When looking at a mother's age, Boakye and colleagues found that, for mother's aged 35-44, average vaccine hesitancy decreased 5.88 percent from 2010 to 2012. It then remained stable from 2012 to 2019. Among mothers older than 45 years, the average vaccine hesitancy from 2010 to 2013 decreased 3.92 percent and then remained stable through 2019.


Mothers with a college degree or higher had a 6.03 percent average decrease in vaccine hesitancy from 2010 to 2012. In comparison, mothers with a high school diploma had a 6.24 percent average decrease for the same time period. This trend remained stable among both groups after 2012.


The researchers also observed the average vaccine hesitancy among married mothers decreased at 5.07 percent annually from 2010 to 2012 and then remain stable through 2019, Boakye reported.


Boakye acknowledged that there are limitations to this research, the main one being that it is a cross-sectional study rather than a prospective cohort. "Vaccine hesitancy was measured only once, and so it's possible that parents might have changed their mind later and it's not captured [here]," he explained, while also noting that different parents were used each year. Since the same parents were not followed over the 10-year time period, researchers could not evaluate whether their opinions on vaccination had changed.


Implications, Discussion

Summarizing their findings, Boakye reiterated that, as of 2019, almost two-thirds of parents remain hesitant when it comes to the HPV vaccine. This underscores ongoing vaccine hesitancy in the U.S.


During a discussion with session chair Khadijah A. Mitchell, PhD, of Lafayette College, Boakye shared some of the key reasons parents may be hesitant for their child to receive the HPV vaccination. These reasons include a belief that the vaccine is not necessary, a lack of knowledge, and concerns about safety.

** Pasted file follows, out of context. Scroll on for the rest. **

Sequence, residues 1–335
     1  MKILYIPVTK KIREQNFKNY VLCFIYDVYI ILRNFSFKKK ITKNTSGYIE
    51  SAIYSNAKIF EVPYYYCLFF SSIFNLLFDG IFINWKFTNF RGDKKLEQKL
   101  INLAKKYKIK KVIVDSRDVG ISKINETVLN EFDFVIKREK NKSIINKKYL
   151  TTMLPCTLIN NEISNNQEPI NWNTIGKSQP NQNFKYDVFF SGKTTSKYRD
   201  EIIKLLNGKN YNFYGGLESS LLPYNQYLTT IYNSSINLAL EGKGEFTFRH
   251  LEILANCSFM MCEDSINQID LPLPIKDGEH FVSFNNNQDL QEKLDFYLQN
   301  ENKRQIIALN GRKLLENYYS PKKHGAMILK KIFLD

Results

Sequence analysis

This research, according to Boakye, draws attention to the need for public information campaigns that target parents who are vaccine hesitant. He also noted the potential value of culturally tailored messages in the Hispanic population, especially given the higher incidence of cervical cancer among this patient population.


"The HPV vaccine is very safe, and it is effective at preventing HPV-associated cancers. Over 135 million doses have been administered in the U.S. alone with very few reported adverse effects," Boakye noted in a statement, urging parents to be cognizant of disinformation on social media. "Do not trust everything you read on the internet or social media platforms. If you are in doubt or have a question, please talk to your doctor.


"Our study supports efforts to develop interventions to increase vaccine confidence among parents through provider recommendations [and] interventions to strengthen public trust in the health care system in general," concluded Boakye, while emphasizing that mistrust of the system is one of the main reasons for vaccine hesitancy.


Additionally, he noted that this research highlights the importance of eliminating or reducing barriers to getting the HPV vaccine, as well as the need to tackle disinformation, especially on social media platforms.


Catlin Nalley is a contributing writer.